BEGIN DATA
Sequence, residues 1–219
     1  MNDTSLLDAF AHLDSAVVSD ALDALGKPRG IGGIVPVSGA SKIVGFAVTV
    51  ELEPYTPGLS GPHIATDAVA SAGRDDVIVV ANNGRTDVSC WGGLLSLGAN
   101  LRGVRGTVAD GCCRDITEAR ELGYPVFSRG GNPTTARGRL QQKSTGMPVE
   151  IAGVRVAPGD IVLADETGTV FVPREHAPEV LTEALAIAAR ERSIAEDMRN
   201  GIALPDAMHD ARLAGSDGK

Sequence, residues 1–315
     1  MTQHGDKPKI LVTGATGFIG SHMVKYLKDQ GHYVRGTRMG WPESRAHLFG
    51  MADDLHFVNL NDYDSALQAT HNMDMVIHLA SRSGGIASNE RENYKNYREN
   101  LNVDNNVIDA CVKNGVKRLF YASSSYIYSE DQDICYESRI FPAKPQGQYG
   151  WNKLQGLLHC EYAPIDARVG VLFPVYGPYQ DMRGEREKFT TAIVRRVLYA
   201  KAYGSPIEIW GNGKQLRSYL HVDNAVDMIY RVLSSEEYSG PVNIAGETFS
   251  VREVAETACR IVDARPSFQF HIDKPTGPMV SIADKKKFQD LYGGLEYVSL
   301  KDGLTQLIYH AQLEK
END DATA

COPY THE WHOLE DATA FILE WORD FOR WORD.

Sequence, residues 1–219
     1  MNDTSLLDAF AHLDSAVVSD ALDALGKPRG IGGIVPVSGA SKIVGFAVTV
    51  ELEPYTPGLS GPHIATDAVA SAGRDDVIVV ANNGRTDVSC WGGLLSLGAN
   101  LRGVRGTVAD GCCRDITEAR ELGYPVFSRG GNPTTARGRL QQKSTGMPVE
   151  IAGVRVAPGD IVLADETGTV FVPREHAPEV LTEALAIAAR ERSIAEDMRN
   201  GIALPDAMHD ARLAGSDGK

Sequence, residues 1–315
     1  MTQHGDKPKI LVTGATGFIG SHMVKYLKDQ GHYVRGTRMG WPESRAHLFG
    51  MADDLHFVNL NDYDSALQAT HNMDMVIHLA SRSGGIASNE RENYKNYREN
   101  LNVDNNVIDA CVKNGVKRLF YASSSYIYSE DQDICYESRI FPAKPQGQYG
   151  WNKLQGLLHC EYAPIDARVG VLFPVYGPYQ DMRGEREKFT TAIVRRVLYA
   201  KAYGSPIEIW GNGKQLRSYL HVDNAVDMIY RVLSSEEYSG PVNIAGETFS
   251  VREVAETACR IVDARPSFQF HIDKPTGPMV SIADKKKFQD LYGGLEYVSL
   301  KDGLTQLIYH AQLEK